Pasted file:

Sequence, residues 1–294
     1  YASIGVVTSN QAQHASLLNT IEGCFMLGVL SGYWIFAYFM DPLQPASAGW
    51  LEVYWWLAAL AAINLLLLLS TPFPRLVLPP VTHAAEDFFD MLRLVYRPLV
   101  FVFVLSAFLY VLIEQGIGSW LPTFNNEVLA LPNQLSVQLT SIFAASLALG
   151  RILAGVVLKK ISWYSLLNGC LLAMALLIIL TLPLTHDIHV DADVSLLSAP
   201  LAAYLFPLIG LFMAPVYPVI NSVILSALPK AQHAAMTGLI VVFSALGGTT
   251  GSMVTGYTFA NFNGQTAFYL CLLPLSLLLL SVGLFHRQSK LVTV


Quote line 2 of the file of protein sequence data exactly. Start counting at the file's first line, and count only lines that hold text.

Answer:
     1  YASIGVVTSN QAQHASLLNT IEGCFMLGVL SGYWIFAYFM DPLQPASAGW